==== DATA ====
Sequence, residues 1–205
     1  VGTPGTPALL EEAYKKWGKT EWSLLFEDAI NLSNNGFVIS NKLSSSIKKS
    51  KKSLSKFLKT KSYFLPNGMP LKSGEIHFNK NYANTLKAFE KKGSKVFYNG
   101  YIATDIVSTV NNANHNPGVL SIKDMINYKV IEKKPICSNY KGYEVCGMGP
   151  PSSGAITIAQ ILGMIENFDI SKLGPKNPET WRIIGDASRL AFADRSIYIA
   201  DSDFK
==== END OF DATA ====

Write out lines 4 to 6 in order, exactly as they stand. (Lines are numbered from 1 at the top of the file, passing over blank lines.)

   101  YIATDIVSTV NNANHNPGVL SIKDMINYKV IEKKPICSNY KGYEVCGMGP
   151  PSSGAITIAQ ILGMIENFDI SKLGPKNPET WRIIGDASRL AFADRSIYIA
   201  DSDFK